Annotations and comments

Louise Hudson has posted 419 annotations/comments since 9 November 2013.

The most recent…


About Saturday 12 May 1666

Louise Hudson  •  Link

I agree with JWB and Phoenix. I, too, would liked to read Pepys’ words about Elisabeth’s illness and death, as wrenching as it would have been. We would have learned so much. Given all of the diseases around at the time it’s amazing that anyone reached 30.


Elisabeth died of typhoid fever at the age of 29. I wonder if they knew what her illness was. If only they’d had antibiotics then.

About Wednesday 2 May 1666

Louise Hudson  •  Link

“Thence among other stops went to my ruler’s house, and there staid a great while with Nan idling away the afternoon with pleasure.”

With Pepys’ proclivities. I’d worry about the “girle”, indoors or out.

About Tuesday 1 May 1666

Louise Hudson  •  Link

I can just hear Peter Cook, in "On the Bench" from "Beyond the Fringe":
"Yes, I could have been a judge but I never had the Latin, never had the Latin for the judging, I just never had sufficient of it to get through the rigorous judging exams. They're noted for their rigor. People come staggering out saying, 'My God, what a rigorous exam --.' And so I became a miner instead."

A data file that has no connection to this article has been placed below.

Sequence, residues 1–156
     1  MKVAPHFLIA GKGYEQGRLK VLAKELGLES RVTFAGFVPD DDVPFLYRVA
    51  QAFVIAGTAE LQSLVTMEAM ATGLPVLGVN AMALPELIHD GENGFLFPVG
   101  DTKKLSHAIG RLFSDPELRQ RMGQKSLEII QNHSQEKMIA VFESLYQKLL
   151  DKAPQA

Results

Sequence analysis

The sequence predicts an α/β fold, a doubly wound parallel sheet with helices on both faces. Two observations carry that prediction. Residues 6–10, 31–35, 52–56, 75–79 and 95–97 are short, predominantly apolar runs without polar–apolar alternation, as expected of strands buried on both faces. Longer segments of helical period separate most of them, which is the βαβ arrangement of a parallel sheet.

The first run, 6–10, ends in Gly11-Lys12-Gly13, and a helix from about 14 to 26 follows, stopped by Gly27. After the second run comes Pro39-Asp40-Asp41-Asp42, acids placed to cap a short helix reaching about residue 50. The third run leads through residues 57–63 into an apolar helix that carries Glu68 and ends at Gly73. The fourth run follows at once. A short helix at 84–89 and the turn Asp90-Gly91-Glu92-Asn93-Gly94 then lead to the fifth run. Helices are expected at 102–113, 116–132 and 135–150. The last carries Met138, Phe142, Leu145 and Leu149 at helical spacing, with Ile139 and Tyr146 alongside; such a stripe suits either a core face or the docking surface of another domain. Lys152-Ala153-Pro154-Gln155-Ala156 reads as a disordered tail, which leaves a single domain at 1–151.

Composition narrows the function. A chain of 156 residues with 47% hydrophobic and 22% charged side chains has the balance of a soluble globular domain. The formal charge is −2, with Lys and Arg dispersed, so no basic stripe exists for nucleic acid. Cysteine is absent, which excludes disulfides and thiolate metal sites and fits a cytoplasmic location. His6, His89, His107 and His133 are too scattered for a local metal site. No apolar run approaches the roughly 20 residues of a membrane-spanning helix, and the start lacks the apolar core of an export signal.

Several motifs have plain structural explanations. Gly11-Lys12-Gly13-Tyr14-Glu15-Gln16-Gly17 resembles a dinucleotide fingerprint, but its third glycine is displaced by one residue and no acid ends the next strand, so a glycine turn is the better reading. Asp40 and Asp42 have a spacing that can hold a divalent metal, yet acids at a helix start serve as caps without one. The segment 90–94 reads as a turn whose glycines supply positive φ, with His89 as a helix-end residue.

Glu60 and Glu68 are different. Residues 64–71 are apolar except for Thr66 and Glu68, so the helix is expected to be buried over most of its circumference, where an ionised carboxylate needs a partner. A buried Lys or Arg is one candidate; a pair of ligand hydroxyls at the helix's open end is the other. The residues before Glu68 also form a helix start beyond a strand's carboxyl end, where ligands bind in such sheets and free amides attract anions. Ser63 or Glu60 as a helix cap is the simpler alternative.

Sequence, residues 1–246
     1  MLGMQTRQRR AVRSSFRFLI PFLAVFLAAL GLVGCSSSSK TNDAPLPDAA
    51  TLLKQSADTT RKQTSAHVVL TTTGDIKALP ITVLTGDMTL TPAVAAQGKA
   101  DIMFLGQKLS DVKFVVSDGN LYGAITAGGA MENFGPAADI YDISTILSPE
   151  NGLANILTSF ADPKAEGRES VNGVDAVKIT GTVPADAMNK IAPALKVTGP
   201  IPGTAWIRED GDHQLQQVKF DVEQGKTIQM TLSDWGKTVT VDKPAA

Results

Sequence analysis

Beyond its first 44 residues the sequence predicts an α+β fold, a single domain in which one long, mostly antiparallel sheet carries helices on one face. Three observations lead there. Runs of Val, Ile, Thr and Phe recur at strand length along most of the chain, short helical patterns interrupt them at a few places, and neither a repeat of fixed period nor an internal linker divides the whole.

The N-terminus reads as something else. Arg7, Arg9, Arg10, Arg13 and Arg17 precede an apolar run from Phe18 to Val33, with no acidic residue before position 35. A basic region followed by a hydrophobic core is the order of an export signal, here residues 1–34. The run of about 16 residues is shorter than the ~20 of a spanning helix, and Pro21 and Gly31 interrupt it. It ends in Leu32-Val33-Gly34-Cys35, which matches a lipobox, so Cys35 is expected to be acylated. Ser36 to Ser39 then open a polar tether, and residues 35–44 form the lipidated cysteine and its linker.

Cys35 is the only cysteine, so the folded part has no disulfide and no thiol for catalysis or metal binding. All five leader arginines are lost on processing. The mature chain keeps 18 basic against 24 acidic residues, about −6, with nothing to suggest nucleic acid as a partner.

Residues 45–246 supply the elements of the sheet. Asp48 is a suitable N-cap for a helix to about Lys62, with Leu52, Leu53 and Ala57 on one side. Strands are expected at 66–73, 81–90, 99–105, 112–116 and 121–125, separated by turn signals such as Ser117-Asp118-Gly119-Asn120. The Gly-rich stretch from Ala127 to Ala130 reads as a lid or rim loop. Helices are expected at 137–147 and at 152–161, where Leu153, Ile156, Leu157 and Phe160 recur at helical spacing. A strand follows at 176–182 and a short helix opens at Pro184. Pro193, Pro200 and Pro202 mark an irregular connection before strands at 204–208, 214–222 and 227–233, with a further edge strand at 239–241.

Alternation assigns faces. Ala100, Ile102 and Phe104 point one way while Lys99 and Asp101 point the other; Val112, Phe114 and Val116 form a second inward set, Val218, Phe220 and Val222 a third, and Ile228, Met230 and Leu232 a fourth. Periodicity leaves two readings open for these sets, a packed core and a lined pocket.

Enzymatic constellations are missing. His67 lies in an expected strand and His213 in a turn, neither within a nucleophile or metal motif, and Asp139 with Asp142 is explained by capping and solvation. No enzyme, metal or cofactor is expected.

Thanks for the memories, A. Hamilton. I miss Peter Cook.

“I managed to get through the mining exams — they're not very rigorous, they only ask one question, they say, "What is your name?", and I got 50 per cent on that.”

About Friday 27 April 1666

Louise Hudson  •  Link

Many of you have helped me to know what leads are, but I can’t get the thought out of my head that they are on a pitched roof and Sam and Bess (and their guests) had to hold on to keep from sliding off. A funny picture.

About Thursday 12 April 1666

Louise Hudson  •  Link

“She grows mighty homely and looks old. Thence ashamed at myself for this losse of time”

He would have been less likely to consider it a loss of time if she’d been younger and better looking.

About Wednesday 11 April 1666

Louise Hudson  •  Link

Thanks for the information, SD Sarah. What a coincidence that the inventor of the clothes hanger might have been named Hanger. Nomenclature is destiny, I guess.

About Wednesday 11 April 1666

Louise Hudson  •  Link

When I read about rails in his wife’s closet I was thinking of rails or poles to hang hangers on, as we have now. Couldn’t figure how leads came into it unless he meant brackets. But Robin Peters writes about French Windows, a flat roof and a recreation area. In Elizabeth’s closet?

In any case, does anyone know if they had anything like modern clothes hangers in 1666? If not, how did they hang up their clothes? Perhaps only on hooks?

About Wednesday 28 March 1666

Louise Hudson  •  Link

“Thence to the Cockpitt, and dined with a great deal of company at the Duke of Albemarle’s, and a bad and dirty, nasty dinner.”

But, apparently, he ate it.

About Sunday 25 March 1666

Louise Hudson  •  Link

Sarah: I should have known there was an easy way to find out, but the census department of the US Government would never have occurred to me to be the place to look.

It didn’t occur to me, either. I found it with a Google search.